Milk Chocolate & pistachio ganache, infused with

aromatic rose petals and cardamom pods.


Shooting Star Mendocino County Zinfandel

From winemaker superstar Jed Steele come Shooting Star Zinfandel. This Zin comes from the cool hills and valleys of Mendocino County California and is more elegant than big and powerful. Expect flavors of mint, strawberry jelly, rose petals and spice.


Strawberry Balsamic (Vegan):

A puree of fresh strawberries from McConnell Farm in Hendersonville, in a coconut cream-based ganache.  Rolled in dark chocolate and crunchy cacao nibs.


Kopke Rosé Port

A perfect dessert wine for the hotter summer months, this rare rosé Port is less sweet than you might expect and pairs wonderfully well with strawberry desserts. Rich, velvety flavors of Pomegranate, strawberry and cherry.


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Northwest Wine Dinner @ "The Farm"

Northwest Wine Dinner @ "The Farm"

The Farm, our favorite wedding venue in Candler, just had their first wine dinner and I was lucky enough to be able to attend. The guest list was small since it was their first dinner, with room for only 32 guests, creating a rather intimate, party-like atmosphere.

I arrived a few minutes early and had a chance to tour the grounds before the dinner started. The cabins which surround the main "barn" look like something out of a southern-styled Tolkein novel and the rest of the grounds were home to rolling hills, ancient trees, a group of horses and their donkey companion. Like the name suggests, this is actually a functioning farm, with most of the vegetables we enjoyed in the dinner coming from the property itself.

The dinner was served in the kitchen, which had room enough for 5 large tables, and allowed us all to watch the food being prepared while we ate. With blasts of fire exploding from pans, Chef Mike Ferrari showed off his culinary skills. It was like dinner and a show at the same time!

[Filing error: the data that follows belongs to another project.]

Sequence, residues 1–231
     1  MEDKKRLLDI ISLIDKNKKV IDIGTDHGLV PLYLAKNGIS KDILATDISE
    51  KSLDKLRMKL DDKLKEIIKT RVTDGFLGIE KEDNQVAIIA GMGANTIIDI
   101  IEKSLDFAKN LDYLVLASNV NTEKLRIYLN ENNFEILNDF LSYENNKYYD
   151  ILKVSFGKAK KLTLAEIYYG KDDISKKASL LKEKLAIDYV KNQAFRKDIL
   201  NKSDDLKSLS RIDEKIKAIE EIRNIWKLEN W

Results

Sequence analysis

The food was delicious, inventive and artfully presented and the wines were well chosen and perfectly paired with the various courses. The service was quick, helpful and non intrusive and the pacing of the entire meal was perfectly timed. Tom Leiner of Grapevine Distribution and I  guided the crowd through the wines, explaining the history of the grape, the region and the winery itself.

Don't worry if you missed out on this one. There are already plans for another wine dinner in the Fall. This one might even be outside! Keep tuned to the blogs here and on The Farm's website for more details as they are announced.

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The Quest for Outstanding Local Wine

The Quest for Outstanding Local Wine

If you've been considering visiting the local wineries in Western North Carolina, you will definitely want to read my latest article in Sophie Magazine. I drove all over WNC tasting wine and taking notes to find the best wineries to visit.

In case you missed it in print, here is a link to the digital copy.


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Blind Tasting League on the AVL Food Fan Podcast

Blind Tasting League on the AVL Food Fan Podcast

On this week's AVL Food Fans Podcast food critic Stu Helm and Chef Joe Scully gave our blind tasting class a shout out!

You see, the Asheville School of Wine will be hosting a blind tasting class at the Asheville Wine & Food Festival again this year, and AWFF director Kris Kraft was telling Stu and Joe all about the fun things that will be happening.

We get mentioned around the 36 minute mark for those of you that like to fast forward, but the whole episode is worth a listen if you love local food and wine like I do.

If you are planning on attending the Festival's Grand tasting on August 20th, we will begin blind tasting at 2:30 in the upper mezzanine. Just follow the signs.

If you can't make it to the Festival, come to one of our blind tasting classes which are held on the first Wednesday of each month. More information on the Blind Tasting League class at

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The Great Rosé Tasting Part IV

The Great Rosé Tasting Part IV